The goal of market segmentation is to identify, prioritize and target groups of customers with similar needs and buying behaviour - in order to simplify marketing, sales, support and pricing. These distinct target segment(s) will have similar responses to the value proposition of an offer. Firmographics though easy to observe, fail to link customer segments to how a customer derives value from an offer and why they buy.
Value-based market segmentation segments the market into customer groups who derive economic and emotional value the same way, and who therefore can be marketed and sold to in the same way. While appealing to emotions may seem intuitive within the B2C environment, there are often questions around whether emotional value creation really matters within the B2B environment. That is, is there room for emotions if it is “just business”? Yes, emotions are central in B2B.
Whether the B2B buying process is a content marketing driven inbound process, or a high-touch environment comprising of multiple touchpoints with stakeholders and influencers within the organization the emotional response shapes how people respond to information. Within such complex decision-making processes, involving several individuals, purchase decisions are not simply based on the features and benefits of an offer. The “decision-making unit” comprises of individuals (e.g. C-Suite, Operations, Sales, Finance, Procurement) who are expected to make decisions in alignment with organizational goals, but these decisions are also made within the context of their personal satisfaction and success criteria.
Maslow’s hierarchy of needs outlines the different ways emotional value is created for individuals. The higher up Maslow’s hierarchy of needs an offer can resonate on the individual level, the more pricing power a seller has.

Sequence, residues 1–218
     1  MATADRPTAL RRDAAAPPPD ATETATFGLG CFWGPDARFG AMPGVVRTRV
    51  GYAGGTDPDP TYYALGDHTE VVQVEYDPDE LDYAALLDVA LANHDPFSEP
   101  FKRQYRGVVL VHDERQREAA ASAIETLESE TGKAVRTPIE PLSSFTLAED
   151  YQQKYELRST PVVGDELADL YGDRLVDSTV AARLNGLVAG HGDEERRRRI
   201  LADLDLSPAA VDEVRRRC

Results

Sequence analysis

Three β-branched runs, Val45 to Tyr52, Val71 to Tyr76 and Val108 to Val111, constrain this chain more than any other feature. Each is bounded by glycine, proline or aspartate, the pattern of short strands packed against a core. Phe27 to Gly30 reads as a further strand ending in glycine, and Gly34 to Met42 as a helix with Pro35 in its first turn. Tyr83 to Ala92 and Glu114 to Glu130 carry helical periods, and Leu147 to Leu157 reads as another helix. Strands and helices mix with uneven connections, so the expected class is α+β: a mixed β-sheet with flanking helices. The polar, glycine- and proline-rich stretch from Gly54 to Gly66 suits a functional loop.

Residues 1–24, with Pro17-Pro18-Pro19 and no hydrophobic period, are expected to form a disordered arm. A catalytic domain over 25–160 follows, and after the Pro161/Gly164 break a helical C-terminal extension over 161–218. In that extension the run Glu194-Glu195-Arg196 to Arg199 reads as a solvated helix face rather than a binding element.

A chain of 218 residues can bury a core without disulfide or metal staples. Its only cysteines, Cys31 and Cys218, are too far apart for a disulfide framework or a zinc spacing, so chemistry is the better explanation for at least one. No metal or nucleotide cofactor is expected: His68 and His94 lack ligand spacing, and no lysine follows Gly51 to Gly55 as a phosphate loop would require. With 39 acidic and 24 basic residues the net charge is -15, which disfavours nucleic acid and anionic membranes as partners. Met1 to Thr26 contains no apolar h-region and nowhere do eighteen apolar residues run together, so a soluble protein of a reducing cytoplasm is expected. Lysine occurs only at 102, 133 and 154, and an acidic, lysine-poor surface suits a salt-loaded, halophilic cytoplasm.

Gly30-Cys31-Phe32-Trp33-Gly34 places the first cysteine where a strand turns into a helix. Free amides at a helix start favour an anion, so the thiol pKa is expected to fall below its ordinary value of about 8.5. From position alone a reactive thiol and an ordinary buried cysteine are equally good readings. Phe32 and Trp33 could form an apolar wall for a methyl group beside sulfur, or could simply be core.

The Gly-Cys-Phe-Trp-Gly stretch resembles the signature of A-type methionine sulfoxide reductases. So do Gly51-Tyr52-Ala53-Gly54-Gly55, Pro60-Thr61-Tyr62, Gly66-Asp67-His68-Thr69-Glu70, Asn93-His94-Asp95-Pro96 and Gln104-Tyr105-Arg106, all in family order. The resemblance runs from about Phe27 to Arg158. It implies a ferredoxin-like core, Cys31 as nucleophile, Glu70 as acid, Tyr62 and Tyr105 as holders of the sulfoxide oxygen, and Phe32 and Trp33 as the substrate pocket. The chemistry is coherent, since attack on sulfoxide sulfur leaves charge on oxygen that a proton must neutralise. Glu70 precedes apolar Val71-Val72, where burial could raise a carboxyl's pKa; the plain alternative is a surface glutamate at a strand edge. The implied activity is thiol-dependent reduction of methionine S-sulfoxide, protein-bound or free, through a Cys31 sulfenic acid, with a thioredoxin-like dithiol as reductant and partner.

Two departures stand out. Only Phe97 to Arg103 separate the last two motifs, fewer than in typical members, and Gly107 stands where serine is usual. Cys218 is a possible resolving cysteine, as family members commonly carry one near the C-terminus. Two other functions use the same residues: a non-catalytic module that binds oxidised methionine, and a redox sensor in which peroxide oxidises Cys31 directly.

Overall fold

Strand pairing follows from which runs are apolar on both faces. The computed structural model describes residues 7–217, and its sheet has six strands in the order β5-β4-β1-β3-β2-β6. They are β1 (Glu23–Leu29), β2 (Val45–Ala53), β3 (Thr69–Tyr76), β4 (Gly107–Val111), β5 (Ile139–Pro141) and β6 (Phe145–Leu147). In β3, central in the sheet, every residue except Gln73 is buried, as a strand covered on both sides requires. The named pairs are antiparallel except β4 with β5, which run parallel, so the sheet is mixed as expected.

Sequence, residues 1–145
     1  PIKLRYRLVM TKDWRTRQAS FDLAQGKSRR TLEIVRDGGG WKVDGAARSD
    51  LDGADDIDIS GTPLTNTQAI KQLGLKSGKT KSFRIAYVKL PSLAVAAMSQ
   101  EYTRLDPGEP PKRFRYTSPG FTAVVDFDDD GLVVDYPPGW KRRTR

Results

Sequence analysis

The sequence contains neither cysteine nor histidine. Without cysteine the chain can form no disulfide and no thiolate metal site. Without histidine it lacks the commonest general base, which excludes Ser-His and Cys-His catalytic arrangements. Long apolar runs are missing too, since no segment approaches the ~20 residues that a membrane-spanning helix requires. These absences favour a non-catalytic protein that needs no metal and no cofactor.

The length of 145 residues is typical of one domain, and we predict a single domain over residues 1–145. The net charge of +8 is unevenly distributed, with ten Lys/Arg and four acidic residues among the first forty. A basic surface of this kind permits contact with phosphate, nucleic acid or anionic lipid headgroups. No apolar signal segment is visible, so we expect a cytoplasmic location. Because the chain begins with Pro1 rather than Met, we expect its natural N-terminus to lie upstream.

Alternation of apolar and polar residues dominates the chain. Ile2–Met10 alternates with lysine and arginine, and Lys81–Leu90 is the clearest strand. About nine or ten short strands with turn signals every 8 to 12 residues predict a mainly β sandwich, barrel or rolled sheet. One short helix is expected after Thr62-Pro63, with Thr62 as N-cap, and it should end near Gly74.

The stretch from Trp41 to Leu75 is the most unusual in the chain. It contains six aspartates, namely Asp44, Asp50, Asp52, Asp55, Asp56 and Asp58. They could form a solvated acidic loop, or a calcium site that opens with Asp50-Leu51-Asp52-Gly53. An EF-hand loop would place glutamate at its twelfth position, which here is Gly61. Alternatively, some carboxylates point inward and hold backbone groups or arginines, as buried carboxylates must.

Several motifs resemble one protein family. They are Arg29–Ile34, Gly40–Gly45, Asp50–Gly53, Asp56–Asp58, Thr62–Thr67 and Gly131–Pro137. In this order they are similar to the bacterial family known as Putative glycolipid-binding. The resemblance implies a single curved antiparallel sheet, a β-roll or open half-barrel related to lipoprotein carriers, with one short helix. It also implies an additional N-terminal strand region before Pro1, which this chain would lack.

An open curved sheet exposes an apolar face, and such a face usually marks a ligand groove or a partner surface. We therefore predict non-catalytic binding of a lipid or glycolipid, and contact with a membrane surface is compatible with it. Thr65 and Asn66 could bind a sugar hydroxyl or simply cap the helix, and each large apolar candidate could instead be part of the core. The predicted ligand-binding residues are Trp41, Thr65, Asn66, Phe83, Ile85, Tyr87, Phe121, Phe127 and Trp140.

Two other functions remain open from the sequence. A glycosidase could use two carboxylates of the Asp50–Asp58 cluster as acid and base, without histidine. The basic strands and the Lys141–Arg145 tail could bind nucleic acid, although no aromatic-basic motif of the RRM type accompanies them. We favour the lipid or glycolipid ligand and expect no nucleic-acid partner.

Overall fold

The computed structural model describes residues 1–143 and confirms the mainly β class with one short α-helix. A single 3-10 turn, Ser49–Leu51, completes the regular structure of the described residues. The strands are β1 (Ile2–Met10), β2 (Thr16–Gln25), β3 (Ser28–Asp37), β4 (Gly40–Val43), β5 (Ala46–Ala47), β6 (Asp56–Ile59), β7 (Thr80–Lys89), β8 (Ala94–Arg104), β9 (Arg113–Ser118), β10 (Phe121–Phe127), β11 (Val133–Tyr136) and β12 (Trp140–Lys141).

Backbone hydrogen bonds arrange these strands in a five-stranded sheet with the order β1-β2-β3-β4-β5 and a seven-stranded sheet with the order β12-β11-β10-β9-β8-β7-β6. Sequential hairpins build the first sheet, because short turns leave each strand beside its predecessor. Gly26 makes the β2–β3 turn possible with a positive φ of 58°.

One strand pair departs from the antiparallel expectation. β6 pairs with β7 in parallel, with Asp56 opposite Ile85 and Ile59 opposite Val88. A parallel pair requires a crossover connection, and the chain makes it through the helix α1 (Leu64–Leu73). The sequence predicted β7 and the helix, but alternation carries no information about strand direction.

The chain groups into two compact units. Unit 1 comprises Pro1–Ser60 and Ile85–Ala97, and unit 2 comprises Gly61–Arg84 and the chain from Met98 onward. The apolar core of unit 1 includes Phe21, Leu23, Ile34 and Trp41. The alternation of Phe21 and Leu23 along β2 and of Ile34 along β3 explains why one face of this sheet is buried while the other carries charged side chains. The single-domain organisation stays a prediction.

High-touch B2B sales environments provide multiple opportunities to make a case for how an offer creates both economic value (impacting the organization’s top and bottom line) and emotional value (resonating on a personal level). Based on an understanding of the audience and their success metrics, the seller can choose to lead with communicating the emotional or economic value of the offer.
Emotional value can also be created by making the the interaction with the seller a pleasant experience for the customer. Ideally, each interaction, or touchpoint, should demonstrate the value proposition, reinforce brand attributes, and provide an opportunity for feedback and engagement. The customer should be able to understand exactly how an offer addresses their needs better than the next best competitive alternative, and the price should reflect how the customer derives value. Honest value communication and transparent prices that make buying and accounting easy for the customer, can be a value-added experience within complex B2B sales environments. This can go a long way to mitigating customer pushback, managing procurement, and in many cases even increase willingness to pay (WTP).
While you cannot sell on emotional value alone within the B2B context, emotional value creation does play a pivotal role in purchase decisions and should not be discounted. Because, there is no such thing as “just business.”